Have you ever spent a bundle of money and then suffered feelings of “was it worth it?” Or “why did I ever do that?” Or maybe you spent a bundle and didn’t even use the thing you paid for. Call it spender's remorse; It's related to but different than buyer's remorse.

I have been to a few extravagant weddings that must’ve cost six figures to put on, only to see the bride and groom call it quits after a short time of wedded bliss. You have to wonder what the bride’s parents thought of that – not to mention all the wedding guests. [Note: I have a daughter scheduled to be married in May and this blog has nothing to do with that. Besides, she has a budget to work with. And further, she and her beau – I’ve met him and sized him up – seem to understand the word “commitment.”]

I’ve seen tens of thousands of dollars poured into kids’ dancing or singing lessons, sports training and sporting events. Sometimes it’s spent on talent-less kids who don’t have a prayer, and sometimes it’s spent on talented kids who don’t care.

This whole line of thought arose Friday morning when I paid the bill for our one-night stand at the Grand Hyatt. Sue wasn’t really up to enjoying the place, and ended up in the hospital Friday afternoon. Maybe we should have stayed in cheaper digs?

I recently evicted some tenants who didn’t pay the rent for 3 months straight. Not one dollar. I then ended up paying some guys to move their stuff out to a storage facility. You never saw so much stuff in a two bedroom apartment. They were hoarders. They had three late-model vacuum cleaners and it was clear to me that not a single one had been used for the five months they lived in this apartment. They had three computers with flat screen monitors sitting unused and one hooked up on a desk. They had a refrigerator and a freezer full of great food. But they couldn’t pay the rent. No, I saw their pay stubs when we were moving their stuff; they could have paid the rent, but they didn’t.

Last night I saw some orderlies wheel a dead guy out of the hospital here. I don’t know how much treatment he’d had, or who paid for it. I can tell you that Sue’s going to spend close to a million dollars of insurance money on her own health care this year. It’s well documented that the great bulk of money that gets spent on health care gets spent in the last year of a person’s life. That’s true because so many people die from the traffic injuries or health problems that put them in the hospital where they incur horrific medical bills in the months before they die. This is not to say that Sue is going to die immediately, or even that I think the million dollars spent on her care could have been better spent. Since the insurance company paid for most of it, I have absolutely no remorse.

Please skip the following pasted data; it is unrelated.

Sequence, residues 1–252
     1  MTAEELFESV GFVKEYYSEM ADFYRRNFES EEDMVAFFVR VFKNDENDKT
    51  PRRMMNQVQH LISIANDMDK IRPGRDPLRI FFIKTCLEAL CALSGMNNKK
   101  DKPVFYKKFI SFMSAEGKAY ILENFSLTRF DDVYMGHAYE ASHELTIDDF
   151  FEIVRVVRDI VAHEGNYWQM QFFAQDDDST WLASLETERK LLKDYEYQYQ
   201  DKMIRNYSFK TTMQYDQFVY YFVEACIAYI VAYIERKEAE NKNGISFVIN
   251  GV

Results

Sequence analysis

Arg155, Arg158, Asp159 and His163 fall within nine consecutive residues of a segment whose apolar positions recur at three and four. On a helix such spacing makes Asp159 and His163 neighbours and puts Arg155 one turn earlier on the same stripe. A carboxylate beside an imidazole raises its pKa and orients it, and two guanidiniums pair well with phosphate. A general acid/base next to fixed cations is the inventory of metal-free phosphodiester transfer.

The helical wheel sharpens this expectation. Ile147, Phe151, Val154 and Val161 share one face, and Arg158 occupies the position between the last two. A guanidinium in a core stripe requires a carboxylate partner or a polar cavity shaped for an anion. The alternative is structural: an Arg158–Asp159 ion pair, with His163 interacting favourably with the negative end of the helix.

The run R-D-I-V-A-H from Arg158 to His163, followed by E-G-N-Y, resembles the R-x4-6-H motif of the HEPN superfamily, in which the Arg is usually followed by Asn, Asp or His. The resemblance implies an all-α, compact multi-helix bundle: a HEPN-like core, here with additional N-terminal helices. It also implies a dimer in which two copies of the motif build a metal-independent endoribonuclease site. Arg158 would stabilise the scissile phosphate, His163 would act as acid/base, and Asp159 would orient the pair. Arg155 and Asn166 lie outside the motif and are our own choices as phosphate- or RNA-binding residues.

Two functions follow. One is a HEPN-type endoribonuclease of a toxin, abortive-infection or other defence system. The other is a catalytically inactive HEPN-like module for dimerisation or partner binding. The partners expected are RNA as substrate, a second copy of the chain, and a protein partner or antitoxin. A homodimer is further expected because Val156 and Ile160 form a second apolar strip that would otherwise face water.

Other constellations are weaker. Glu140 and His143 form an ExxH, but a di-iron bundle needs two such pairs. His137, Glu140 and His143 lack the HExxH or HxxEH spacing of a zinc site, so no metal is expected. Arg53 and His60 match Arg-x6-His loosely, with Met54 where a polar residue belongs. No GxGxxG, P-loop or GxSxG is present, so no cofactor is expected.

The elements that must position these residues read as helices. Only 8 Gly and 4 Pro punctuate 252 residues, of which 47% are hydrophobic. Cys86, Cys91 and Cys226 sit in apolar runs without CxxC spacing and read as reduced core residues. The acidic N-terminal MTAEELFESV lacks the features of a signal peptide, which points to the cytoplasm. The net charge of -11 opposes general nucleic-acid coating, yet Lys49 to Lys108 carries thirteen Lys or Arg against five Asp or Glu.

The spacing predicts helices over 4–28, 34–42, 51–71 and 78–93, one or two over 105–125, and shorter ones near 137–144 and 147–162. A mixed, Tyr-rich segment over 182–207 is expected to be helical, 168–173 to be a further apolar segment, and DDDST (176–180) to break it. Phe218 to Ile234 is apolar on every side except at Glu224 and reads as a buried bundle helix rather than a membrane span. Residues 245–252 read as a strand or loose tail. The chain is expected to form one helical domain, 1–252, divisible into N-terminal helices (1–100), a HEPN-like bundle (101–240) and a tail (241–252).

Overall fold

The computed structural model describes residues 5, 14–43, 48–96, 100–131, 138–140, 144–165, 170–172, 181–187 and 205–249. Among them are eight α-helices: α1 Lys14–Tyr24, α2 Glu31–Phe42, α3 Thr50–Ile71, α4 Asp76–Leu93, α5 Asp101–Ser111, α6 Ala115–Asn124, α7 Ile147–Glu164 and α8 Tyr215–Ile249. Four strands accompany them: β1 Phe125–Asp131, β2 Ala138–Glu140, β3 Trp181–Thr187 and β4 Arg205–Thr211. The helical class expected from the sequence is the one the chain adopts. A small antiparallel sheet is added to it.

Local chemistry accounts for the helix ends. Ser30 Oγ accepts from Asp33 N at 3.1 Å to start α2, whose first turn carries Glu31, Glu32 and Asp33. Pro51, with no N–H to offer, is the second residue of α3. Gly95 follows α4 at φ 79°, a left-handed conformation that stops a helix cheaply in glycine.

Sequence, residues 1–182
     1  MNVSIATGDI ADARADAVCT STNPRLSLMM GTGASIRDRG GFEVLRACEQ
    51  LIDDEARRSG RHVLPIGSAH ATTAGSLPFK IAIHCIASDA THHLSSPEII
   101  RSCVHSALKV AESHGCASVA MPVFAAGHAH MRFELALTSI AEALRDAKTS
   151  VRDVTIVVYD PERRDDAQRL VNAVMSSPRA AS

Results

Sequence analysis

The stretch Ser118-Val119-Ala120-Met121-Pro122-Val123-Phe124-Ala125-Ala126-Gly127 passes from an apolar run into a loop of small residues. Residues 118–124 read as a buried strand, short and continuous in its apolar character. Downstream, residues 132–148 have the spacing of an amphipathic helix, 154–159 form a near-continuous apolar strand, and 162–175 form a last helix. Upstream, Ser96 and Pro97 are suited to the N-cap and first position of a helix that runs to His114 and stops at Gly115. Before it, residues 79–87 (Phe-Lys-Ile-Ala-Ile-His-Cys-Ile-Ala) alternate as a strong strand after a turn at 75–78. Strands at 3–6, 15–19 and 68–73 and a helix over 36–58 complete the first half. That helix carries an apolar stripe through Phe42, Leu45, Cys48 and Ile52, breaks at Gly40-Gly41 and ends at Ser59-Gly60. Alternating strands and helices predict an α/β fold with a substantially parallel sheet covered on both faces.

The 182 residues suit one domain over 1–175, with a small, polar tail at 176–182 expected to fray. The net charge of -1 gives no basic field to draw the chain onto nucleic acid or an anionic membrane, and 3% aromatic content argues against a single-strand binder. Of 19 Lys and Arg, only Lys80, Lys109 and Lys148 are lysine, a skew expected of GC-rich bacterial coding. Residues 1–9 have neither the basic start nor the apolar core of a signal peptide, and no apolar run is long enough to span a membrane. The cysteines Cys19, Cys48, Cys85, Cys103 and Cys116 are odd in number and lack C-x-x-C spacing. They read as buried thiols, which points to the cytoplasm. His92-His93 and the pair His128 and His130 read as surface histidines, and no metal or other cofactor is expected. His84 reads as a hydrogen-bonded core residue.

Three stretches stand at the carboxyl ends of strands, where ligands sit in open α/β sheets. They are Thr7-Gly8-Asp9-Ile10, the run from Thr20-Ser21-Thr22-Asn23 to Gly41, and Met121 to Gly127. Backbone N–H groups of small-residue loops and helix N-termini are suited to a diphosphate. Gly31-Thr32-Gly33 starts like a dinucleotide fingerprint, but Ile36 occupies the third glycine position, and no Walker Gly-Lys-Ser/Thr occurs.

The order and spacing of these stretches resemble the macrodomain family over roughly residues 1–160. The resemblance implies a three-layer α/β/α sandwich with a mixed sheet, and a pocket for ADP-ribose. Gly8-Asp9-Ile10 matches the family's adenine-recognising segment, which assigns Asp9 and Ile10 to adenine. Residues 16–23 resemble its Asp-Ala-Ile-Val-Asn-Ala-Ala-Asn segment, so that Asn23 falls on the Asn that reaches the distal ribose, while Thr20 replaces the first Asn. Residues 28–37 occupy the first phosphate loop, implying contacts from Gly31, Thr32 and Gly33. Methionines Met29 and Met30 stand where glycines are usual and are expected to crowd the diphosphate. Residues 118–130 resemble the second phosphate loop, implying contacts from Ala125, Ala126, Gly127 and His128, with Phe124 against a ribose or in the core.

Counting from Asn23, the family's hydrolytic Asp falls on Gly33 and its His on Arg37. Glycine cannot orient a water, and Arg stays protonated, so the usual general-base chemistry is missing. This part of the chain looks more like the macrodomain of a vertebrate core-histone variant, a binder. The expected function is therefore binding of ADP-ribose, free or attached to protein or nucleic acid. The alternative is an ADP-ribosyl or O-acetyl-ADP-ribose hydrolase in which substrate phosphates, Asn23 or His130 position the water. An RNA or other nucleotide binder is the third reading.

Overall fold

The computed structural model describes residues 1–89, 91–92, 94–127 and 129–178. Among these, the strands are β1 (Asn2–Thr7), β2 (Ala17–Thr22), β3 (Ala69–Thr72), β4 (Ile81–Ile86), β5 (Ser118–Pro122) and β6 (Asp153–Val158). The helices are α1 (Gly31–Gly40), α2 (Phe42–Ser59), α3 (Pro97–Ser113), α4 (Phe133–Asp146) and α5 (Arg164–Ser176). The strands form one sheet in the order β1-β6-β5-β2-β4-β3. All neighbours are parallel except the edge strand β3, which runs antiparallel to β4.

Still, it’s a lot of money. When you stay in a hospital for a few days you see where some of the money goes. A lot of it goes into a giant cesspool of waste. My list of specific examples could go on for pages.

And no one can waste money -- your money, no, our money -- like the government. Let’s give a trillion dollars of our taxpayers’ money to the poor failing banks so their big whigs can give themselves huge bonuses before they go out of business from their own stupid lending practices and then stick us with the losses from the inevitable market crash.

But enough about wasted money. I’m writing about lives of extravagant waste. Looking across the way last night, to the uncurtained windows of the 14 or so floors of hospital rooms on the Moffitt Hospital wing, I noticed televisions on in almost every room. You’ve seen this, flashing multi-colored images giving an eerie, neon-ish look to otherwise dark rooms. I’m talking televisions on 24-7. Not that people in the hospital have anything better to do than watch television. Still, there are people who watch way too much t.v. People who spend way too much time on their, er, computers, playing games, surfing the web, and, uh, blogging. This is getting a little personal, so let’s move on.

We waste our lives with mindless entertainment and then wonder why we didn’t accomplish anything. Why we didn’t see the world. Why we never knew what we never knew. Why we didn’t have time to do something nice for someone else who really needed nice.

I wonder about the dead guy they wheeled out of here last night. Is he, even now, standing in front of the Almighty trying to give an account of how he spent his time and money? Is he stammering out an explanation of why he spent millions of dollars for his own entertainment and only gave a few thousand to charity? Is he wondering himself if the heavenly graphs are wrong; Could it be that he spent 76.6 years of his 77-year life on his own pursuits and only 0.4 years on doing nice for others? And is it possible that he really spent 102,200 hours watching television and only 3,504 hours doing nice?

Ah well. Enough blogging about waste. I need another coffee latte. Time to walk down to Starbucks and spend another $5 on myself.